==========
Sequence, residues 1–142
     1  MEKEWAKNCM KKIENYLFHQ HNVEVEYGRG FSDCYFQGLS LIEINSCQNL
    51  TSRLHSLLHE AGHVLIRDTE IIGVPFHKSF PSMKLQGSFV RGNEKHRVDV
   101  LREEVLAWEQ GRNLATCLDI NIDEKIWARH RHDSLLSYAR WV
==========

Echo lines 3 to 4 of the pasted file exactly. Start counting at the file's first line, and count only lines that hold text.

    51  TSRLHSLLHE AGHVLIRDTE IIGVPFHKSF PSMKLQGSFV RGNEKHRVDV
   101  LREEVLAWEQ GRNLATCLDI NIDEKIWARH RHDSLLSYAR WV